On Cassel’s long touchdown to Kevin Boss, Albert was able to stay in front of Abraham. The result was great pass protection, and Cassel was able to throw a seed to Boss down the field.
Pro Football Focus gave Albert a pass-block grade consistent with the best offensive tackles in the league last year. Pro Football Focus’ signature pass-blocking efficiency rating was even more favorable to Albert, ranking him as the seventh-best in the league.
Upon closer examination, the primary source of Albert’s production was against Matt Shaughnessy, Shaun Phillips, Daniel Te’o-Nesheim and Will Smith. None of these players are speed rushers, and all of them were poor at getting to the quarterback last year.
Andy Reid’s offense in Philadelphia has been in the top half of the league in passing attempts since 2004. It’s safe to say the Chiefs are going to be passing a lot more and that the weaknesses Albert has in pass protection are going to become more glaring.
Moving Albert to right tackle to face Von Miller twice per season is not going to fix the issue, but at least Alex Smith would be able to see the pressure coming. Albert fits much better at guard where his lack of foot speed will not hurt the team.
The Chiefs still have one of the best running backs in the entire league, so pass blocking is only part of Albert’s job. Since Charles is a speed back, the tackles sealing the edge are of vital importance.
The Bengals have a good defensive line, which provides an excellent measuring stick for Albert in the run gun. It’s worth noting that Charles had huge games, but also a few duds. The biggest dud with Albert at left tackle was Week 8 against the Raiders, and Pro Football Focus gave Albert his best run-block grade of the season in that game.
Albert gets good push against Gilberry, sealing the edge for Charles to get outside in a huge open area.
However, Albert isn’t able to stay engaged with Gilberry. Luckily for Albert, Charles is so fast that he still gets to the edge.
Against the faster Johnson, Albert whiffs on his initial punch as Johnson drags down the line in pursuit of Charles. The net result is a short gain with Johnson taking down Charles from behind.
Cut blocking is another skill offensive linemen need to have. Some linemen even specialize in this skill. Albert is not the most effective cut-blocker.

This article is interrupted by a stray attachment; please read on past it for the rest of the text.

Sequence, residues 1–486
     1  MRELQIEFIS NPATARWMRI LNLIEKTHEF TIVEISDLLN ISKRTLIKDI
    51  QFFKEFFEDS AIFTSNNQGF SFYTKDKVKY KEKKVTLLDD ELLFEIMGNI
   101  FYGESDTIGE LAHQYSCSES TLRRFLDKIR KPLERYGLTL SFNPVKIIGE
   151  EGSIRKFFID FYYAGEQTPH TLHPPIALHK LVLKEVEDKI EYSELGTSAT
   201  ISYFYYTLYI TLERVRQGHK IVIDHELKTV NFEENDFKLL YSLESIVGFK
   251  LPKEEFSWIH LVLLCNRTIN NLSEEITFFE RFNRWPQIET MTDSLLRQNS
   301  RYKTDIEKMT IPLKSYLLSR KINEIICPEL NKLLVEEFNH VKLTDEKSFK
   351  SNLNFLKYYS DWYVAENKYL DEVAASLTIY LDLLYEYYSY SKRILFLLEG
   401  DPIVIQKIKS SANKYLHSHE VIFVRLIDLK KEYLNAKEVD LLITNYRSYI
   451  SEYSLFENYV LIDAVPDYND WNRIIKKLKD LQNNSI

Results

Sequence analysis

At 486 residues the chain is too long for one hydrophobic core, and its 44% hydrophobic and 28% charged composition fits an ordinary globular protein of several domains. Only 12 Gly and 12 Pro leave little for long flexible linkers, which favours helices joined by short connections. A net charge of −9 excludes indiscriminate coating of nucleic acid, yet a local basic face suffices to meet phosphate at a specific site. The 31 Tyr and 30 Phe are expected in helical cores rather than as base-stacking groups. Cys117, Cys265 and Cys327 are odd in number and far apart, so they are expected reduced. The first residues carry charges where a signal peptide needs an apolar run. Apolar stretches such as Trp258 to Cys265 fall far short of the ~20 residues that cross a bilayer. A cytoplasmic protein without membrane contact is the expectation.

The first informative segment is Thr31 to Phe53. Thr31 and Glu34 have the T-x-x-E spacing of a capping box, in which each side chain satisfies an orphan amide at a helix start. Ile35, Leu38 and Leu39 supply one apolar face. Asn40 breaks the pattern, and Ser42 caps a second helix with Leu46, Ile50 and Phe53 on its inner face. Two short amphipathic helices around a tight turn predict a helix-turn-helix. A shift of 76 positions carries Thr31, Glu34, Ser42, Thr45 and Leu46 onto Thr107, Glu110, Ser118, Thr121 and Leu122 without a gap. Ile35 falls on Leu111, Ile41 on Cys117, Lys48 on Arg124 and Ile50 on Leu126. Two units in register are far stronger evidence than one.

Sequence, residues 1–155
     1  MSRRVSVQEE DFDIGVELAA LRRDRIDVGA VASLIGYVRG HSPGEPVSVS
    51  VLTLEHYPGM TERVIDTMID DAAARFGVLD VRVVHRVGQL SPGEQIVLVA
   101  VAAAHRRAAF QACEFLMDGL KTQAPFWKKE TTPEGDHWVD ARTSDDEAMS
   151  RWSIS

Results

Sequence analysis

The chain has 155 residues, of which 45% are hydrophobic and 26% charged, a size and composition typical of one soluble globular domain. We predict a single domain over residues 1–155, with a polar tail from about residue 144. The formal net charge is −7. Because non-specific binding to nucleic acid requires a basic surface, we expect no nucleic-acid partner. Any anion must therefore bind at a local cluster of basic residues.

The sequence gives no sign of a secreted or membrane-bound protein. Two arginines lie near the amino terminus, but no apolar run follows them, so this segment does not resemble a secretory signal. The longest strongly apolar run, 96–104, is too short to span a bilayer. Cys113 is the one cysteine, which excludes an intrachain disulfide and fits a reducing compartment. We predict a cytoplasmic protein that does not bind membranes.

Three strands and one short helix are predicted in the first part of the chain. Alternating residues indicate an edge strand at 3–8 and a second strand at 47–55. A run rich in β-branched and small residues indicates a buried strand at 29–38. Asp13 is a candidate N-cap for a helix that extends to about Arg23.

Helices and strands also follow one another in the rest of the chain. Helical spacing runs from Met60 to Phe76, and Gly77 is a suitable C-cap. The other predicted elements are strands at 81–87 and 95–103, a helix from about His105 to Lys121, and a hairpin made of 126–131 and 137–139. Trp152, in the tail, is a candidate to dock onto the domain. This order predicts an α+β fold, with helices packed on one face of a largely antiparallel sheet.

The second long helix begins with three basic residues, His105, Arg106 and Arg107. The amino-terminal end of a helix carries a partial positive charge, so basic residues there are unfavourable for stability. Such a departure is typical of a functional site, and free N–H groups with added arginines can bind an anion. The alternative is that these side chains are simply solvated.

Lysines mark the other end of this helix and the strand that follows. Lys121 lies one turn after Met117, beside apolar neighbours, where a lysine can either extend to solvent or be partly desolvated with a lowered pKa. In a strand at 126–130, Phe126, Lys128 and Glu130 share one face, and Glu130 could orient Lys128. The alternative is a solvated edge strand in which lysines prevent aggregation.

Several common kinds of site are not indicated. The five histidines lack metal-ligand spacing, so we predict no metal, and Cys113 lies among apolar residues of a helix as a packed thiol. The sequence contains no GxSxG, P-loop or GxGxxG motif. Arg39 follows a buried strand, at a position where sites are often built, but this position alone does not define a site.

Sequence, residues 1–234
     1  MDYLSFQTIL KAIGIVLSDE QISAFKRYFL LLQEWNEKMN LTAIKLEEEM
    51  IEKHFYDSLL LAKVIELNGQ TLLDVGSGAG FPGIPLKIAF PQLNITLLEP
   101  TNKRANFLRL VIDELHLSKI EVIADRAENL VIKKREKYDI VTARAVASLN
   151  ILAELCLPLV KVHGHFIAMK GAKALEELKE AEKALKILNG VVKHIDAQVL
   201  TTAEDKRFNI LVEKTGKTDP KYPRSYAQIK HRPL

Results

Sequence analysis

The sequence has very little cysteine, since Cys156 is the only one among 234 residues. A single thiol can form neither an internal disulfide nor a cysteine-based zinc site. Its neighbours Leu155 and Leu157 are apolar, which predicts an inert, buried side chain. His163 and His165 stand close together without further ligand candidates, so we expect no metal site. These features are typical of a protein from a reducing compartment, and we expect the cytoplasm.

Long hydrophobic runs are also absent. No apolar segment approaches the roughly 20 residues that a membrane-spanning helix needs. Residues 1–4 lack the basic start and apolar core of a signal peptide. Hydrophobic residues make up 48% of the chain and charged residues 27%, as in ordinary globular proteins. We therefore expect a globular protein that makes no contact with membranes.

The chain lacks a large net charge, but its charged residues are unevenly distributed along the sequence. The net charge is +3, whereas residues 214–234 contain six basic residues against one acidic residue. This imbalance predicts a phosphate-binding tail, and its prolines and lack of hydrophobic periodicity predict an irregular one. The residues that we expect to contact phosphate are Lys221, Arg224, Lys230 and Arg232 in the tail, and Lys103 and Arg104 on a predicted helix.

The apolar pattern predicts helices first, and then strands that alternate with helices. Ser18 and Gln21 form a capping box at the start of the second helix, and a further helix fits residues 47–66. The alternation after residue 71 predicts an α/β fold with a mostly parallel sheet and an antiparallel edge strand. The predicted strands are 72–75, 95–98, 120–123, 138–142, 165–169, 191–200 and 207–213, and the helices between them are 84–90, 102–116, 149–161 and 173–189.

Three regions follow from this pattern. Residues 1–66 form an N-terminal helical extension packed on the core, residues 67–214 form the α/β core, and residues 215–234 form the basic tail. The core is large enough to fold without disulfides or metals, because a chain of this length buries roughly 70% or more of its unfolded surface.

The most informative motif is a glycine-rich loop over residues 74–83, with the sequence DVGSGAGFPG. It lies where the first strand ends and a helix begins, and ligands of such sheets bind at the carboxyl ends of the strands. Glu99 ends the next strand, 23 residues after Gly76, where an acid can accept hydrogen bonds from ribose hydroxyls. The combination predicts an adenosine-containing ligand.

Albert is trying to cut block 335-pound defensive tackle Pat Sims, but he is unsuccessful. Usually cutting the really big guys is the easiest because they aren’t agile enough to get out of the way.
Sims ends up right where the play was designed to go, forcing Charles to cut back. The play acts like a misdirection play and works because the Bengals were flowing so hard to the point of attack. Charles has loop around Albert lying on the ground and also the back-side block by his tight end.
The net result of the play was a nice gain, but only because Charles is amazing and the Bengals over pursued. Albert’s contribution was a net negative on the play.
Albert was asked to block Geno Atkins at one point during the game on a Peyton Hillis power play to the left side. Albert fails to get his hands inside Atkins and would have been called for holding if he had tried to sustain his block. Albert has already lost the battle.
Atkins pushes off of Albert and eyes Hillis, who is holding the football like a loaf of bread. Atkins glides over and pops the ball out of Hillis’ hands. The Bengals recover the fumble, which was just one of many turnovers the Chiefs had in 2012.
I went into this review thinking that Albert was a good left tackle and that moving him to guard or right tackle wouldn’t make sense. It didn’t take long for me to change my mind while I was watching his games against the Bengals and Falcons.
Albert is an average left tackle capable of dominating defenders that can’t threaten the edge and would be a better fit inside at guard. Albert doesn’t make a lot of sense at right tackle because of all the good speed rushers in the AFC that rush from that side, but at least Smith would be able to see the pressure.
The rumors of Albert’s switch to guard are no accident. The Chiefs likely want Albert to move inside where he could be a great player. If Albert isn’t accepting of the switch, the Chiefs can attempt to trade him or simply rescind his franchise tag and make him a free agent.
It’s tough to know if the Chiefs will draft a left tackle until we get through free agency, but the presence of Albert shouldn’t be an obstacle. It could also make sense to sign Albert to a long-term deal with the plan to make a switch at a later date.